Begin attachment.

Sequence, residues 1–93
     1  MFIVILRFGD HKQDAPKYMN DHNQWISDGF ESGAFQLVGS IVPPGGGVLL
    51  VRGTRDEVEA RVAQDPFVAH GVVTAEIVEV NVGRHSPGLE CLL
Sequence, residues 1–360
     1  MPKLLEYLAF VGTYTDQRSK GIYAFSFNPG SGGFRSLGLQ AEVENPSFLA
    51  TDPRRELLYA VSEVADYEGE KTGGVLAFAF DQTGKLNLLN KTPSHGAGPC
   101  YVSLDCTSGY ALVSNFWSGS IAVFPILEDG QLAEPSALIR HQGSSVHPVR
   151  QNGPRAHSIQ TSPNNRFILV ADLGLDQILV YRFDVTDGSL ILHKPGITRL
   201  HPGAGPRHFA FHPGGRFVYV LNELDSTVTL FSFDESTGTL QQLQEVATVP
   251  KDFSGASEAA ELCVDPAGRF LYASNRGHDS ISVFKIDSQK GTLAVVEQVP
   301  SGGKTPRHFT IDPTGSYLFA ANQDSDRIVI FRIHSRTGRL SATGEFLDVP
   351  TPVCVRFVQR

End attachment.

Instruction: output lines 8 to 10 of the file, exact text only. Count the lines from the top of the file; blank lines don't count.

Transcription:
   151  QNGPRAHSIQ TSPNNRFILV ADLGLDQILV YRFDVTDGSL ILHKPGITRL
   201  HPGAGPRHFA FHPGGRFVYV LNELDSTVTL FSFDESTGTL QQLQEVATVP
   251  KDFSGASEAA ELCVDPAGRF LYASNRGHDS ISVFKIDSQK GTLAVVEQVP